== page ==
Mozilla has just released Firefox 66.0.1 and Firefox 60.6.1 ESR to the public. The two new versions of Firefox patch critical security issues in the web browser.
Firefox users should receive the updates automatically if automatic updates are turned on in the browser (as is default). The new versions are also available as standalone downloads from Mozil's official website.
Firefox users can choose Menu> Help> About Firefox to run a manual check for updates to download the new version immediately. It takes a while since Firefox doesn't run real-time update checks.
Firefox 66.0.1 and Firefox 60.6.1 ESR
Mozilla patched two critical security issues in Firefox 66.0.1. and Firefox 60.6.1 Extended Support Release (ESR).
The vulnerabilities are listed on the official Firefox Security Advisories website:
CVE-2019-9810 : IonMonkey MArraySlice has incorrect alias information
Incorrect alias information in IonMonkey JIT compiler for the Array.prototype.slice method can lead to lack of border control and buffer overflow.
CVE-2019-9813 : Ionmonkey type confusion with __proto__ mutations
Incorrect handling of __proto__ mutations can lead to confusion of the type in IonMonkey JIT code and can be exploited to read and write arbitrary memory .
Additional information is not available at this time. The linked error ads are blocked from the public.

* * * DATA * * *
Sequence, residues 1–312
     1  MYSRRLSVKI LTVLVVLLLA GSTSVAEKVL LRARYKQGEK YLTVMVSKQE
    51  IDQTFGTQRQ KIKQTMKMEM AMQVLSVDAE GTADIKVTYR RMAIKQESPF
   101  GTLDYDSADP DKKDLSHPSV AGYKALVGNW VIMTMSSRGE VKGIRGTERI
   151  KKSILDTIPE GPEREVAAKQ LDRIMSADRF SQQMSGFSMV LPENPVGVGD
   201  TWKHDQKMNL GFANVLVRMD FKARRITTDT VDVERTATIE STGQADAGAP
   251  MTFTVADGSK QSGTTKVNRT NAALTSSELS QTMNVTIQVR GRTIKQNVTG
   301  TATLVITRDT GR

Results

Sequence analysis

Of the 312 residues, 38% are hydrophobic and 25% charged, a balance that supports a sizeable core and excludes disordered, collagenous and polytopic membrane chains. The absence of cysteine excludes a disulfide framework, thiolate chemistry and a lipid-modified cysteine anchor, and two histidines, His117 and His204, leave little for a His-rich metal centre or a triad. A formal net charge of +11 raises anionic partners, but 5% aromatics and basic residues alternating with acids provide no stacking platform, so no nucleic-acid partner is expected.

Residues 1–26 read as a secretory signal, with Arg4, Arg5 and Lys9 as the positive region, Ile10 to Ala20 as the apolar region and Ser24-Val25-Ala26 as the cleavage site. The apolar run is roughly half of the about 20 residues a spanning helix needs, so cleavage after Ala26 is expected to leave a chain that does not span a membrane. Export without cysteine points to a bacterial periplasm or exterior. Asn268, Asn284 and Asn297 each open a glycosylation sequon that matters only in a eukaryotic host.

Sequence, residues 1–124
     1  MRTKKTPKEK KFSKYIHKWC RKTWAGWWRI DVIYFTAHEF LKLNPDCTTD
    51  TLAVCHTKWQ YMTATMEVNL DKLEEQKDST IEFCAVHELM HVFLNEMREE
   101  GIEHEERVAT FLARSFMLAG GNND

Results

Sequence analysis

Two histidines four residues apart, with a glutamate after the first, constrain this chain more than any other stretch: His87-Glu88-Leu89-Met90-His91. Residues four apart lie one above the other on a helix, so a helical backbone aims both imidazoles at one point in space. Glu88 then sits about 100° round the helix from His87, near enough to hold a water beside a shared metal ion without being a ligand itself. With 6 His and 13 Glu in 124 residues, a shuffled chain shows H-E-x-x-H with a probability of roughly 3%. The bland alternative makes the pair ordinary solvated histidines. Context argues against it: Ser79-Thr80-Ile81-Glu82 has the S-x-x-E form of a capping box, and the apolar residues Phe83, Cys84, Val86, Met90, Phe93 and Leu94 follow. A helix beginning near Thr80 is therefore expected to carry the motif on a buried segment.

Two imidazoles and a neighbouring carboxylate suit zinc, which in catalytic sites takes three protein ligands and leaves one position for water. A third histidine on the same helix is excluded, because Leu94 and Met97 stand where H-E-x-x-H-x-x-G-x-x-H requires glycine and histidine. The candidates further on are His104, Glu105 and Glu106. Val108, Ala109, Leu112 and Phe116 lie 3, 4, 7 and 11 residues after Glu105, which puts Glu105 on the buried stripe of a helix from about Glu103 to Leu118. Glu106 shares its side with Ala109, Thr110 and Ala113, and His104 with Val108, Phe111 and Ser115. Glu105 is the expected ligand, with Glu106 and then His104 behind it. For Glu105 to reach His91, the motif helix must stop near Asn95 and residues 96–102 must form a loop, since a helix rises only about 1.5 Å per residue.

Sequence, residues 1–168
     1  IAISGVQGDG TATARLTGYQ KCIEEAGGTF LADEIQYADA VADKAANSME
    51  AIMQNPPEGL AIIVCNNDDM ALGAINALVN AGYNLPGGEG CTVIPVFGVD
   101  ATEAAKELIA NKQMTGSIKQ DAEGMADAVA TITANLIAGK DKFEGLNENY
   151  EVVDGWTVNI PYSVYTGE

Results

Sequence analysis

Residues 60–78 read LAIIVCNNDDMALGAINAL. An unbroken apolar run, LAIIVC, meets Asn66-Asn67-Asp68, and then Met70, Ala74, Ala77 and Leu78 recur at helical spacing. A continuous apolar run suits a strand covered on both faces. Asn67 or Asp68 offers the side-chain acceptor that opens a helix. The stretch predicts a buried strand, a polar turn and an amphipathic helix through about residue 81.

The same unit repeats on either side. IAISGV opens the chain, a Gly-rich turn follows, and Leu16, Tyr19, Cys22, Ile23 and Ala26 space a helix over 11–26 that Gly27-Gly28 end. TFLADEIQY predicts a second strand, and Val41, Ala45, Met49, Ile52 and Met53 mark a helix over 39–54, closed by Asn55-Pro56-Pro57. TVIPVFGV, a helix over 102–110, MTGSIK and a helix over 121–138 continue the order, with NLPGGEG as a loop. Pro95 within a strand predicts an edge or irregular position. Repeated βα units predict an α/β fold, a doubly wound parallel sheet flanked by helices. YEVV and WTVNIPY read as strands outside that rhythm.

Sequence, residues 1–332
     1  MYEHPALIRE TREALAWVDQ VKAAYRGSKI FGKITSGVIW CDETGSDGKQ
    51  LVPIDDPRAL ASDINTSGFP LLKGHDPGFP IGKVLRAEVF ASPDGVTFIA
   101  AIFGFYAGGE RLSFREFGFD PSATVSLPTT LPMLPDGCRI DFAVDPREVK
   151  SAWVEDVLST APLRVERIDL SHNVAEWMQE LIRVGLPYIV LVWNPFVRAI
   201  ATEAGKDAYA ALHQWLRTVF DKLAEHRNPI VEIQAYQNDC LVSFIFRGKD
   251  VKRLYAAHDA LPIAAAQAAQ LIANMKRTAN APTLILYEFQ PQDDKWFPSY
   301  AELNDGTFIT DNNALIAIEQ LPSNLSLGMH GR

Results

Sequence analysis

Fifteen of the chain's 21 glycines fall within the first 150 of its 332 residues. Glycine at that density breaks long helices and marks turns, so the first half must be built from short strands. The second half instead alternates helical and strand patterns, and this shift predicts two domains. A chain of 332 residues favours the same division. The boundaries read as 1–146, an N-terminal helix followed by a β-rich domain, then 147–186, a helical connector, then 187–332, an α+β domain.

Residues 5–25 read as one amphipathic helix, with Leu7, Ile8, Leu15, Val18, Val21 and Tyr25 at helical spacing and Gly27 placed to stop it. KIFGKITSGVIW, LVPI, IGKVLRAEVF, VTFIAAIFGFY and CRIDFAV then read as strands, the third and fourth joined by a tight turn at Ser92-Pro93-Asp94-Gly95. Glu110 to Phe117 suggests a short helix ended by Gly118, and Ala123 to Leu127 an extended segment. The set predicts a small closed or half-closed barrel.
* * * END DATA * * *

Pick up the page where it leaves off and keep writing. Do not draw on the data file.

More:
The two researchers who discovered the vulnerabilities are Richard Zhu and Amat Cama, and it is probably not by chance that scientists attacked Firefox successfully in this year's Pwn2Own competition.
Security researchers managed to use an exploit in Firefox to execute code-level code if a user visited a specifically prepared site.
They used a JIT error in the browser and then used an out-of-bounds write in the Windows kernel to effectively take over the system. They were able to execute code at SYSTEM level just by using Firefox to visit their specially crafted site.
The competition saw yet another successful targeting of Firefox. Niklas Baumstark exploited a JIT error in Firefox to escape the sandbox that would allow an attacker to run code on the device with the same permissions as the logged in user.
He used a JIT error in the browser followed by a logical error to escape the sandbox. In a scenario, in fact, an attacker can use this to run their code on a target system at the level of the logged in user.
It is recommended to update to the new patched versions of Firefox to protect the browser and Underlying system from attacks directed against these vulnerabilities.